How long did you skate in your first pair of skates?
Jade (our very own Metal Alchemist) managed nearly ten years on her trusty Riedell R3s. Ten! That must be a record. If you’ve skated on yours for longer, we want to know! In the main, skaters retire their R3s as soon as they need something more and can afford to, often within a couple of years of starting skating.
Over the years, when pressed about why she’d never changed her skates, Jade said:
“If they ain’t broke, why change them?”
Fair enough. But then one day this May, there she was, her boots held together with duct tape, sweat and floor gunk and we’re not sure what else. No longer could she ignore the nails poking through the sole of her boot or in fact that one of her boots was now pretty much torn in half with the plate hanging off. She finally decided enough was enough. As she held them up, she said “I think it’s time.” Daria Dynamite looked at her old boots , shook her head and quipped “They’re so old they should be in a museum!”
Museums don’t just collect old things, we know that, but Daria had a point! These boots had served Jade well through nearly ten years since LRB was first set up in 2009 and lived through all the changes that has happened to roller derby since then. Minors getting abolished, boutfits giving way to sportswear, skaters using their own names more often, to name a few. These skates were part of Liverpool Roller Birds’ history.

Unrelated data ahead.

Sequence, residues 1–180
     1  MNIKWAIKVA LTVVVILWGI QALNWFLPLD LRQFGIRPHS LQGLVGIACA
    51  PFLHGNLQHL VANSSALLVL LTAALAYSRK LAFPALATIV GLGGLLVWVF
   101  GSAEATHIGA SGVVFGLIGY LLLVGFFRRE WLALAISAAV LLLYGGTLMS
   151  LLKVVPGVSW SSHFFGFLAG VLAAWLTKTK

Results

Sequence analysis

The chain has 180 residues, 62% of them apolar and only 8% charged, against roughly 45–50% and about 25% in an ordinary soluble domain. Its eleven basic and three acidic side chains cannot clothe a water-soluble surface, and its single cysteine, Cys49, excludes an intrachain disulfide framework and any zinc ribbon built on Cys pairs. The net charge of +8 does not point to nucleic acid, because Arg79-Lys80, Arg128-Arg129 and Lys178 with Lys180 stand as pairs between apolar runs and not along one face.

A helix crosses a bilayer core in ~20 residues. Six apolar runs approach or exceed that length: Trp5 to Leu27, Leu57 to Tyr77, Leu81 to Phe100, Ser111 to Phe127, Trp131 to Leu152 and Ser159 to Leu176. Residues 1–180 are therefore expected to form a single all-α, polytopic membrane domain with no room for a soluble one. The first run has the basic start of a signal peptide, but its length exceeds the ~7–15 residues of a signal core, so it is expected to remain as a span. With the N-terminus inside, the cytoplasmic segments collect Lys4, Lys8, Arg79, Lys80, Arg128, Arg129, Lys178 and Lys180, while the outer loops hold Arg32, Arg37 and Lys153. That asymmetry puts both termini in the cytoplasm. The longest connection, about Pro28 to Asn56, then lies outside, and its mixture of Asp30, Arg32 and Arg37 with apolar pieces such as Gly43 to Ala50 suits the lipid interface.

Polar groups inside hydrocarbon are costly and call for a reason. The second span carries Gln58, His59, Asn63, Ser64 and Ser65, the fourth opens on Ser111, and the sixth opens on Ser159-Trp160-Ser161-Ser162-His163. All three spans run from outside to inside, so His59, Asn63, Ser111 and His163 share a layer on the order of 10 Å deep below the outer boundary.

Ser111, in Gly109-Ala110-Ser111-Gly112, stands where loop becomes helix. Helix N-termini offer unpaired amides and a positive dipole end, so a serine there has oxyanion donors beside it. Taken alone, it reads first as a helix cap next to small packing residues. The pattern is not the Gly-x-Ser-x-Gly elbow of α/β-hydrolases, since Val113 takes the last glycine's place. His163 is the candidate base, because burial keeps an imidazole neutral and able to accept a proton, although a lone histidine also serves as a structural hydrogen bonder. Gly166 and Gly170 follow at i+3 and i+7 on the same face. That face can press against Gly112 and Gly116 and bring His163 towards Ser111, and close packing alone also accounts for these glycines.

We got in touch with the Museum of Liverpool to see if they would be interested in Jade’s boots, as we knew they already had lots of sports gear in their collections. Turns out they were! Along with her boots, this June we donated Jade’s uniform top and a programme featuring Jade from LRB’s first birthday in 2010. We also donated a gold helmet and pads; a full kit! We thought they might not want a used mouthguard though – that might be one step too far! It’s exciting that the story of roller derby in Liverpool might reach more people through the museum.
It’s not the first time LRB artefacts have been collected by the museum. In 2016, they interviewed our Pengwynn, aka Bethany and featured her story alongside an LRB Programme in National Museum Liverpool’s LGBTQI+ collections.
“Being LGBT is a part of the norm for roller derby teams. I find that normality extraordinary, so I cherish it.” Bethany, LRB 2016.
Read more about Bethany’s story and see the programme in National Museums Liverpool’s LGBTQIA+ collection on their website.
We’re so proud to add more of Liverpool’s Roller Birds story to the museums sporting and LGBTQIA+ collections, alongside our fellow Liverpool LGBTQIA+-friendly sports teams the Liverpool Tritons and Mersey Marauders. Hopefully one day, Jade’s kit will be on display for us all to enjoy.